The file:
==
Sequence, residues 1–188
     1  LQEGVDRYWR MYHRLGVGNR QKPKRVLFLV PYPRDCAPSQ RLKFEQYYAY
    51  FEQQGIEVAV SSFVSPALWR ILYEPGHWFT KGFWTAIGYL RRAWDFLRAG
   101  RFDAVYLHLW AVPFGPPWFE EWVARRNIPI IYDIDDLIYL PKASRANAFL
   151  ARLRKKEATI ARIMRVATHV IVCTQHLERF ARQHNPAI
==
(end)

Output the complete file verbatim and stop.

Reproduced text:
Sequence, residues 1–188
     1  LQEGVDRYWR MYHRLGVGNR QKPKRVLFLV PYPRDCAPSQ RLKFEQYYAY
    51  FEQQGIEVAV SSFVSPALWR ILYEPGHWFT KGFWTAIGYL RRAWDFLRAG
   101  RFDAVYLHLW AVPFGPPWFE EWVARRNIPI IYDIDDLIYL PKASRANAFL
   151  ARLRKKEATI ARIMRVATHV IVCTQHLERF ARQHNPAI